Venezuela is a very cheap destination if you arrive with dollars or euros (in cash) and exchange them for bolivars at the black market (keep in mind, that such transactions may be somewhat risky). However, if you exchange money at the official exchange rate, pay with your credit card or withdraw bolivars from the ATMs, prices can get extremely high.
• Official prices for private rooms for two start at 15 USD (13 EUR) in Caracas. If you pay with dollars, you can stay in a five-star hotel for as little as 5 USD (4.3 EUR).
• Food prices are generally low. A budget dinner costs somewhere between 3 and 15 USD (2.5 – 13 EUR). If you pay with dollars, food prices are even cheaper.
• Transportation costs are low in Venezuela, especially if you travel by car – one gallon of gasoline costs only 0.01 USD.
To save some more money, check out our Budget cutting tips.
Where to stay
You can find great accommodation options on Booking. Make sure to search for private rooms popular for romance. 😉 On Airbnb you can rent furnished apartments – those are usually cheaper than most hotels and they offer you the real Venezuelan experience.
Best time to go
The weather varies by region and altitude. Generally, the best time to visit Venezuela is during the country’s dry season (from November to April). The best time to visit the Angel Falls is between May and October when the water levels are at their highest. Visiting the Caribbean coast is always a good idea. The temperatures in Venezuela are comfortably warm all year round.
♦ Planning and preparation: check out our planning routine here.
♦ Packing: check out the honeymoon adventurers’ ultimate packing list here.
♦ Currency: Venezuelan bolívar / Bolívar Fuerte (VEF)
♦ Visa or other entry requirements: All visitors to Venezuela are required to have a valid travel document (valid for at least 6 months) and a return ticket. Visa requirements depend on the traveler’s nationality. Citizens of some countries must obtain a tourist visa in advance, others may enter the country on a tourist card issued on arrival. For more information contact your Ministry of Foreign Affairs or the nearest Venezuelan embassy or consulate.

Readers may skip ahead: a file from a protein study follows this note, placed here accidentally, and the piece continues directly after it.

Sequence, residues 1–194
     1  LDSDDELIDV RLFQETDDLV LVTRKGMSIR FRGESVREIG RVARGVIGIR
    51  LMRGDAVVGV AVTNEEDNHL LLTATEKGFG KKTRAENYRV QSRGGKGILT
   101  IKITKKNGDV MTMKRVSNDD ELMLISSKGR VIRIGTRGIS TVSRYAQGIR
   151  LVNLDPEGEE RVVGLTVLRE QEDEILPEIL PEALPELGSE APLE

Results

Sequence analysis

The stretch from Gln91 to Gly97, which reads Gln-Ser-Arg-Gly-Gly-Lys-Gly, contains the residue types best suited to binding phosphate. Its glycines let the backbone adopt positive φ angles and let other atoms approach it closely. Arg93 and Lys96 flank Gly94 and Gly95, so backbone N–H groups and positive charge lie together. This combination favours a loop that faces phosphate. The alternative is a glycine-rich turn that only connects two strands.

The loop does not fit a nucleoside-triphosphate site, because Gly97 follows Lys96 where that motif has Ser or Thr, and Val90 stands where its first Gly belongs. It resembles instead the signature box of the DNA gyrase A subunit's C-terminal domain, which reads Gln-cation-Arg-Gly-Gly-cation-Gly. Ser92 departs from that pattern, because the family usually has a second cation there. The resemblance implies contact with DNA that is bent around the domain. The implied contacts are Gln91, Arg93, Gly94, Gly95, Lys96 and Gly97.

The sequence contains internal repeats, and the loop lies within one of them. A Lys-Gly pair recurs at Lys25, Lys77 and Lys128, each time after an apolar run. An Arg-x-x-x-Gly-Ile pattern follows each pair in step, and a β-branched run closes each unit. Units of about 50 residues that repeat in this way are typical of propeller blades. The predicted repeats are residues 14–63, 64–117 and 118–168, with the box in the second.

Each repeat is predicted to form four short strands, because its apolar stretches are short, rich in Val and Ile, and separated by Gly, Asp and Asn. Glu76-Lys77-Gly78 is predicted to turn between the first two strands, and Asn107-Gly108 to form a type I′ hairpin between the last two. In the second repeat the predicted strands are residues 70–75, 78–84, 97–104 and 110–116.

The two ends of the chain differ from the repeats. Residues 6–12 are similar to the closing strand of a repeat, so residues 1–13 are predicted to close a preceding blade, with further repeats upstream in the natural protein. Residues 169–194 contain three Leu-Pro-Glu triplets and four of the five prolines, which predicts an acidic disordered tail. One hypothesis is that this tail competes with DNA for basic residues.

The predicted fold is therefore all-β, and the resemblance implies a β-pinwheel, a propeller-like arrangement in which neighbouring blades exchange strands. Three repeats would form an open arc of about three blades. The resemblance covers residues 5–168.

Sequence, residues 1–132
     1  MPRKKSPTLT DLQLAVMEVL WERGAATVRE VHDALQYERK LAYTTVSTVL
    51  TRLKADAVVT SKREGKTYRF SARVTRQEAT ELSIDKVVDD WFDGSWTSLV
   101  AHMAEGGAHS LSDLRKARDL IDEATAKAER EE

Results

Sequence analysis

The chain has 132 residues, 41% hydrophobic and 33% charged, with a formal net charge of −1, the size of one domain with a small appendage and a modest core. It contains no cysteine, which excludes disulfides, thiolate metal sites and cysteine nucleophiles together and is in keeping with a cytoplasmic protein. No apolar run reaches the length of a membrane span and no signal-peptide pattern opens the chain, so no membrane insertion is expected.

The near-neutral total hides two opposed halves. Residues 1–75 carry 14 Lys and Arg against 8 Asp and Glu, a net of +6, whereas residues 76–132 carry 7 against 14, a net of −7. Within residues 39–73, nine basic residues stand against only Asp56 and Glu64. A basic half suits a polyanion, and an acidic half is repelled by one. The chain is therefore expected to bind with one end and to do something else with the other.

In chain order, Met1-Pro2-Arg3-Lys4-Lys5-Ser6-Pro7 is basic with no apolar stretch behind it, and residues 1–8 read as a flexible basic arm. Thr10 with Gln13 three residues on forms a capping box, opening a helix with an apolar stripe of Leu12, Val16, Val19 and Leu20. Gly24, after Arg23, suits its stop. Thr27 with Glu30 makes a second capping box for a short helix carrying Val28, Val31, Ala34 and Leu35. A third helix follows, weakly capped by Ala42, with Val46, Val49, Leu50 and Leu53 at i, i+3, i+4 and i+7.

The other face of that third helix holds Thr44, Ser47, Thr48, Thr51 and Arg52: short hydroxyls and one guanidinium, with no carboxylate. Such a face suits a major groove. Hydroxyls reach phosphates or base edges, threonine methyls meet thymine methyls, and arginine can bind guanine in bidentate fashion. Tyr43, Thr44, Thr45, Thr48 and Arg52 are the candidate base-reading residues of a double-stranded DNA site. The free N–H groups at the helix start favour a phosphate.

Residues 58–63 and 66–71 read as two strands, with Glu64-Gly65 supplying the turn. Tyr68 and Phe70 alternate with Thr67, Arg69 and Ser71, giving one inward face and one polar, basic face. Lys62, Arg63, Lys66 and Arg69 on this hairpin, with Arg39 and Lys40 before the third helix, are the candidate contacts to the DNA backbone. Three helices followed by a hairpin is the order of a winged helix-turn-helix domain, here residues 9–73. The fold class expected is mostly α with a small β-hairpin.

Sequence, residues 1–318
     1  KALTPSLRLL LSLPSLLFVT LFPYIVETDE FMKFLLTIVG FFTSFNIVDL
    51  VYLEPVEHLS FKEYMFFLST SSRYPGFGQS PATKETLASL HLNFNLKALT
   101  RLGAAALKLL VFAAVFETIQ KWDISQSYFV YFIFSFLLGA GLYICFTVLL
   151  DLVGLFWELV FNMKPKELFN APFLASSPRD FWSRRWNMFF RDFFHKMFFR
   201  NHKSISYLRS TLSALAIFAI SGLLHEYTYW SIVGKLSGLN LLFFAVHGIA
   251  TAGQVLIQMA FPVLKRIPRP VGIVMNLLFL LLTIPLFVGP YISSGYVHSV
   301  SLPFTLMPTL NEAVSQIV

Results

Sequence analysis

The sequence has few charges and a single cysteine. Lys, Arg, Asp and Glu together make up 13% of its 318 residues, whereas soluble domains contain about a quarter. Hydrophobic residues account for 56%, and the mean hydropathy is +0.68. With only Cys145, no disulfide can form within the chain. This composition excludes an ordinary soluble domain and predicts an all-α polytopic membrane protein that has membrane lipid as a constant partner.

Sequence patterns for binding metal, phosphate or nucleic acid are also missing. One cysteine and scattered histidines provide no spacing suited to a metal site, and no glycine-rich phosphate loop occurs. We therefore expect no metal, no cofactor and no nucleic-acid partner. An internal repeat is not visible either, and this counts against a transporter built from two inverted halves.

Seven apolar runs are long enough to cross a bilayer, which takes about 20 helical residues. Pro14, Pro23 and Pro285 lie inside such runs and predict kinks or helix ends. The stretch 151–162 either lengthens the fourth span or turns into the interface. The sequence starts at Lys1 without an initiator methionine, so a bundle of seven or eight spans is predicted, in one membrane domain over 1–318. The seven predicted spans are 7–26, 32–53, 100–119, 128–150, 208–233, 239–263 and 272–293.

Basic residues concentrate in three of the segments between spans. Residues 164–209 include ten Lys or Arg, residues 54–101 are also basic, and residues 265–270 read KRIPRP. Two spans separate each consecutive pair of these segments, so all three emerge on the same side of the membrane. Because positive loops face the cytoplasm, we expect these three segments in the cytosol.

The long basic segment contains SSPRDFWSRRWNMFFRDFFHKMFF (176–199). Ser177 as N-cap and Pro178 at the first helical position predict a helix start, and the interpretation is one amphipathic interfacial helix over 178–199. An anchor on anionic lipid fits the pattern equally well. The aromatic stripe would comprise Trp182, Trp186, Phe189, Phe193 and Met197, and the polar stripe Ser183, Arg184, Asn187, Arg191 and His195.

♦ Electricity standards: The power plug types in Venezuela are A and B, the standard voltage is 120 V and the standard frequency is 60 Hz.
♦ Time zone: UTC-04:00
♦ Immunization recommendations and requirements: There are no vaccination requirements for visitors to Venezuela. However, it is recommended to get travel vaccines and medicines for tetanus, hepatitis B, typhoid, hepatitis A, rabies, yellow fever (since it is a risk in certain parts of Venezuela), and malaria. To prevent malaria avoid mosquito bites. Currently, Zika virus is a risk in Venezuela.
♦ Health and safety tips:
Venezuela is not a very safe country, as our hosts constantly emphasized. Big cities, such as Caracas are particularly dangerous. However, if you follow the usual travel safety precautions, take advice from the locals and do your best to blend in, you should be fine.
The usual travel safety precautions:
- Leave your jewelry and other valuable belongings in the hotel safe.
- Keep your emergency cash apart from the rest of your money.
- Dress comfortably and carry only the items you will need for the day.
- Don’t carry a lot of money.
- Always make sure to lock your room before leaving the hotel.
- Be aware of your surroundings at all times.
- Stay in well-lit areas.
- Try to maintain a low profile and do your best to fit in.
- Carry a travel wallet/money belt/money pouch for carrying money and documents safely.
- Avoid contact with potential scam artists.
- Avoid showing off valuable belongings (like cameras) in public.
- Don’t count your money in public.
- Keep an eye on your belongings at all times.
To stay healthy while traveling, check out our health travel tips.
• Tap water in Venezuela is not safe to drink. Drink bottled or filtered water instead.
* Always make sure to reuse a water bottle to cut down on waste.
• Venezuela is very close to the equator and the sun is very strong. Therefore, always make sure to use sunscreen.
♦ Local Customs: Venezuelans are very warm, friendly, open, direct, expressive and respectful. In Venezuela, good manners and respectful behavior are highly valued. When entering a room, it’s customary to say hello to everyone (buenos días or buenas tardes). When meeting someone personally a friendly handshake is customary; friends kiss on one or two cheeks. There is no particular dress code required on the streets of Venezuela. Avoid wearing a bikini elsewhere than on the beach. Revealing clothes may be frowned upon, especially in formal circumstances. Venezuelans pay a lot of attention to appearance, therefore always do your best to be properly groomed. Tipping is much appreciated. Try to avoid topics like politics.
Check out top things to see and do in Venezuela, as well as top romantic experiences and adventures here.